Usually, people tend to confuse the interpretation of confidence intervals. The following two statements are said to be quite confusing (even to myself):
- A 95% Confidence Interval means that the population parameter will be contained within this interval with a probability of 0.95 (incorrect)
- A 95% Confidence Interval means that the Confidence Interval itself has a 0.95 probability of containing the population parameter (less incorrect)
I was wondering if it is possible to create some example (e.g., an R simulation) which shows that why one of the above statements is more correct than the other.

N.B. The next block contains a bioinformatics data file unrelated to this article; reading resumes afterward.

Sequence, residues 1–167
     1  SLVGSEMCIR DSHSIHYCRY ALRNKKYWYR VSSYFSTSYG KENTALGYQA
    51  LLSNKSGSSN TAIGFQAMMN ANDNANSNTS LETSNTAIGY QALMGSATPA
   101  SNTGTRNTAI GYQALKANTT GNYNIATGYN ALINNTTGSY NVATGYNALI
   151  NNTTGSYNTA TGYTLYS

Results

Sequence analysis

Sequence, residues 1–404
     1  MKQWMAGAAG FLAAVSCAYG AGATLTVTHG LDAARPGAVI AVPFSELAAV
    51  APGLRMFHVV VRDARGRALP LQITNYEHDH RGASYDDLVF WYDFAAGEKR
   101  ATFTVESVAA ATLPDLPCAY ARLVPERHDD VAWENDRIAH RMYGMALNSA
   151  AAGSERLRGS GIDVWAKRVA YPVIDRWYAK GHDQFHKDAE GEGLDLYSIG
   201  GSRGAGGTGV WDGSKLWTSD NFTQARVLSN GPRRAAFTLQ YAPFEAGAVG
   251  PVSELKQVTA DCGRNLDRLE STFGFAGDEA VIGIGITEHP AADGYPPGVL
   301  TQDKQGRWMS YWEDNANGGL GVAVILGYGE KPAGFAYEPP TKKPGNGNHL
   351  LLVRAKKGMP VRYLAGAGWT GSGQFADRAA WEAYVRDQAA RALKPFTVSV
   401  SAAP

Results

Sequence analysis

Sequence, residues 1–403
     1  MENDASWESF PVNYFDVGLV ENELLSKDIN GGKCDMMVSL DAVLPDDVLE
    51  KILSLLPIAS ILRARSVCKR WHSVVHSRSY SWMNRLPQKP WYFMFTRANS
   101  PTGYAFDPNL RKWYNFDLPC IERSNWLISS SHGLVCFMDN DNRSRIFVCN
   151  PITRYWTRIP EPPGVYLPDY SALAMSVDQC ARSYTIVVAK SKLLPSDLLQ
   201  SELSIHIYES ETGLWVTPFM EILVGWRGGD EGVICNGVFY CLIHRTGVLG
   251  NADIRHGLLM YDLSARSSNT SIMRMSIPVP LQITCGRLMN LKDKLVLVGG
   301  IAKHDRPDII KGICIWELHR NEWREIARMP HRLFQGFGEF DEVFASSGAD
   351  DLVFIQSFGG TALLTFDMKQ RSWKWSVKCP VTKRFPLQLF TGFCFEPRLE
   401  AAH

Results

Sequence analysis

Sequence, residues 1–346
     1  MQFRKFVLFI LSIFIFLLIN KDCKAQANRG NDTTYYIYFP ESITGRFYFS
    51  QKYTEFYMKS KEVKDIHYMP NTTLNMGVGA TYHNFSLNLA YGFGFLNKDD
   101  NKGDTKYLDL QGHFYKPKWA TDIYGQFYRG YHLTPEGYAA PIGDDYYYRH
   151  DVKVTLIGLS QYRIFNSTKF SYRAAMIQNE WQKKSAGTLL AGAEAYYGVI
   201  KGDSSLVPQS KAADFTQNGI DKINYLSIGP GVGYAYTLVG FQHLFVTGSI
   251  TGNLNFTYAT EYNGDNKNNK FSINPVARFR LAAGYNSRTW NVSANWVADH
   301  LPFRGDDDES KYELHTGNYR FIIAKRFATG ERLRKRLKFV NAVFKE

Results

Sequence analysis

I found this post here The importance of a correct interpretation of a confidence interval in which R code is provided that simulates data to illustrate these concepts.
But is it possible to create an example in which it becomes clear that interpreting a confidence interval as "the probability of the population parameter being contained within this interval" is clearly incorrect or results in a contradiction?
Perhaps someone can think of such an example or provide a link/reference to such an example?